World Heritage with KEIM
Luminous Blue, deep Black: UNESCO honours Bruno Taut
At the beginning of the 20th century Bruno Taut revolutioned social housing and set standards with his typical colour language. Some of his housing estates in Berlin were recently designated as World Heritage Sites by UNESCO.
Colour stirs, captivates, provides individuality and enhances architecture. Colour accentuates and lifts buildings out of their normalness. In a nutshell: Colour sends signals! Bruno Taut loved expressive, intensive and bright colours. He replaced the dirty grey of tenement buildings by highcontrast polychromy. Colours provided the visual start signal for a new and better living!
Everything started with the garden district Falkenberg in Berlin. Between 1913 and 1915 a mixture of small, suitable terrace houses and apartment blocks were built in a green environment including small gardens for self-supply. Taut contrasted the plain and ordinary building shapes with intensive colour and an ornamentation scheme that is the only one of its kind. From thereon this part of Berlin has been called the "Paintbox".
Rhombuses, rectangles and diagonals
(See photos) The apartment house was painted with a red-ochre base colour over a clinker socle. The entrance area obtained a fulminant colour ornamentation: The red door is set back, the bevelled door reveals have a light ochre tone. The façade itself is framed by blue rectangles that refer to the small windows of the bathroom and staircase. This portal spans a surface with countless, two-coloured rhombuses that are bordered with a fine black line. This detailed pattern is in contrast to the massive masonry and vitalises the facade that is provided with just small openings.
Black colours that are not scary!
The garden district Falkenberg provides another surprise: Black! Bruno Taut broke all conventions of colour schemes with the consequence of using black colour for large areas. Black in a refined combination with white shutters, bright red painted eavesthroughs or façade squares in red and white ornamentation.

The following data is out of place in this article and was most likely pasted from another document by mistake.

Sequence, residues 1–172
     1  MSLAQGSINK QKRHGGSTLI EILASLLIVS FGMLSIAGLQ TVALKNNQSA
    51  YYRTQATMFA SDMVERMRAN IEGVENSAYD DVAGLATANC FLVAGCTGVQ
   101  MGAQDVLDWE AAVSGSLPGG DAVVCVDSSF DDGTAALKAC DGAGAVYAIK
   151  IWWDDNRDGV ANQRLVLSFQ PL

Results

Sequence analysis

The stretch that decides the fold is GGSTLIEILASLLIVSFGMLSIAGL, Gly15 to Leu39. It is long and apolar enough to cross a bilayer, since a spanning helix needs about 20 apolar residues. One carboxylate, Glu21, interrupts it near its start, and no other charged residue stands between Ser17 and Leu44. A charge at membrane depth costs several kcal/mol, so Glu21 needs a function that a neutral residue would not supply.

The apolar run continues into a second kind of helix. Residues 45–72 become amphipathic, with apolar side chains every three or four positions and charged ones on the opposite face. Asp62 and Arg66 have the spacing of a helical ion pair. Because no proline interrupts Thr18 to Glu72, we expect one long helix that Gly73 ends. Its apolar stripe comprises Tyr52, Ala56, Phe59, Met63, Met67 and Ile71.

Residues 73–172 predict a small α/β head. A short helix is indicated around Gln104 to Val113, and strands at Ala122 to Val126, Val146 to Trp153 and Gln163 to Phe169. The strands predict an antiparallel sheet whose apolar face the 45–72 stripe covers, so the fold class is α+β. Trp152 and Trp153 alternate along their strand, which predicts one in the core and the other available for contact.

Between 1992 and 2002 the "Paintbox" was renovated. Berlin architect and Taut expert Winfried Brenne placed particular value on the original Taut colours. As Taut did not leave a specific colour plan, todays colour scheme is based on findings by architects office Brenne and Berliner Denkmalpflege GmbH. All of the many colours that were obviously mixed by Bruno Taut himself are today collected in a colour library and used for other Taut projects.
Bruno Taut ran into technological problems initially because using common lime paints, renders and oil paints he could not realise his ideas of intensive colourfulness or durability. Tauts problems were solved when he discovered Keims mineral paints, patented in 1878, with their lightfastness, weather resistance, colour intensity and tremendous durability. So as a fact, the fascinating polychromy of that new building style would have simply not blossomed without Keims mineral paints. Thoroughly convinced Bruno Taut wrote in a letter from 1923 to Keim: "The colour effects are excellent and the colours have not faded, they are wash- and, scrubresistant. Plaster and brickstone have been proven to me the best for KEIM Décor Paints and coatings."
Winfried Brenne and his former partner Helge Pitz came across KEIM Paints during the renovation of the housing complex Onkel-Tom (built1926-1932), also a Taut project. They decided to use the original paints and contacted KEIM in the 1970s. So, after nearly eight decades the Falkenberg garden city got its originality back in the sense of visual appearance plus, the authentic coating material.
Honoured by UNESCO
Six different housing developments in Berlin, built between the wars, including three colourful Taut projects were enlisted to the World Cultural Heritage of UNESCO. Finally Bruno Taut, the architect who emigrated from Germany in 1932 received the before rather cautious international acceptance. And also Winfried Brenne can feel honoured as his work among others contributed that Berlin received the recognition. Last but not least there are the paints. With their inclusion to the UNESCO World Heritage List these developments have raised a simple coating material to what is it in reality: a cultural heritage.